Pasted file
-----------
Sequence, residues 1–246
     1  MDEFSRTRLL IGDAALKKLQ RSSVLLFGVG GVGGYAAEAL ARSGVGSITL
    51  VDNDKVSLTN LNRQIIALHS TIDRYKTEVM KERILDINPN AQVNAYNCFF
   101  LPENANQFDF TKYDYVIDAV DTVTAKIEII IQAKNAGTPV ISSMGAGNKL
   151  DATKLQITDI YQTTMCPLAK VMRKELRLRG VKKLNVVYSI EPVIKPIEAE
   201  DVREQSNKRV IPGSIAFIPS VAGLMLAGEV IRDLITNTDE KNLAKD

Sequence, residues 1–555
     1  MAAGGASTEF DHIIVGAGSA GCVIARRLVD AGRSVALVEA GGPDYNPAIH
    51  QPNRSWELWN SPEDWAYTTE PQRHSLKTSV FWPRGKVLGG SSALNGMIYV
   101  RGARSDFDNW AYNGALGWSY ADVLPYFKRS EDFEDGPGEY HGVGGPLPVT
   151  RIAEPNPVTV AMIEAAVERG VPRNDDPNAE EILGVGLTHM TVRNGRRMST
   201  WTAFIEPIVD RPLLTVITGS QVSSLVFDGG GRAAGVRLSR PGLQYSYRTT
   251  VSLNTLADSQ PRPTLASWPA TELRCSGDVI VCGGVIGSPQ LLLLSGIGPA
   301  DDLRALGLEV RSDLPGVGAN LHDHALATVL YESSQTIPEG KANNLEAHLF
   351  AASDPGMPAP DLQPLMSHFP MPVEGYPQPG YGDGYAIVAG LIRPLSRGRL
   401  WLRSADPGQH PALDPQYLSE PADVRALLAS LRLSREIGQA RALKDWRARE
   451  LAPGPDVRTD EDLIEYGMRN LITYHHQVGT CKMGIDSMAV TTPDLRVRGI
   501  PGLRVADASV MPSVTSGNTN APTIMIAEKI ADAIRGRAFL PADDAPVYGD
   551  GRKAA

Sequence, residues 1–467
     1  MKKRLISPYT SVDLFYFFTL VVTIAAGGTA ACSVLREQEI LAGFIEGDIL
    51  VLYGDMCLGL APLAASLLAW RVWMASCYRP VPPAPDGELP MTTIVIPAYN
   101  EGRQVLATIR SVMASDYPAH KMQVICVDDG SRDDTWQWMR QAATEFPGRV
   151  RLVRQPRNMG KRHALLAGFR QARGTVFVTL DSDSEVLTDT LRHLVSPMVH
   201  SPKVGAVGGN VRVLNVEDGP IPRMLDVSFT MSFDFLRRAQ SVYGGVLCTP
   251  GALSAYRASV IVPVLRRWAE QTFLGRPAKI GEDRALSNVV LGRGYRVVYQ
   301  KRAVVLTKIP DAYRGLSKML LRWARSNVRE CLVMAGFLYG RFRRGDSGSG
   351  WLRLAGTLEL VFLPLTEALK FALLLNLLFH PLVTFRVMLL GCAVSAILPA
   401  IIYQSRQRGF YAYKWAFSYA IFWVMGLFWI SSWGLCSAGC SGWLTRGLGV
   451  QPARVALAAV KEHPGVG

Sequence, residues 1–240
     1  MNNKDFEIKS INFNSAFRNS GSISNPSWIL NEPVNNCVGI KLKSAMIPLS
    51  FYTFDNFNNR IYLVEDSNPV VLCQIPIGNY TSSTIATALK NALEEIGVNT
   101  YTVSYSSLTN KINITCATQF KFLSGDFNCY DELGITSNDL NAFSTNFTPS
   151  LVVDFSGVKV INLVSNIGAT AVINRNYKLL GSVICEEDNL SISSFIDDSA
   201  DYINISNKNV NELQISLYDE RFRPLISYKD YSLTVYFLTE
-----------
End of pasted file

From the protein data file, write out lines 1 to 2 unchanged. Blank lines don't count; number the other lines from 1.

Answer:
Sequence, residues 1–246
     1  MDEFSRTRLL IGDAALKKLQ RSSVLLFGVG GVGGYAAEAL ARSGVGSITL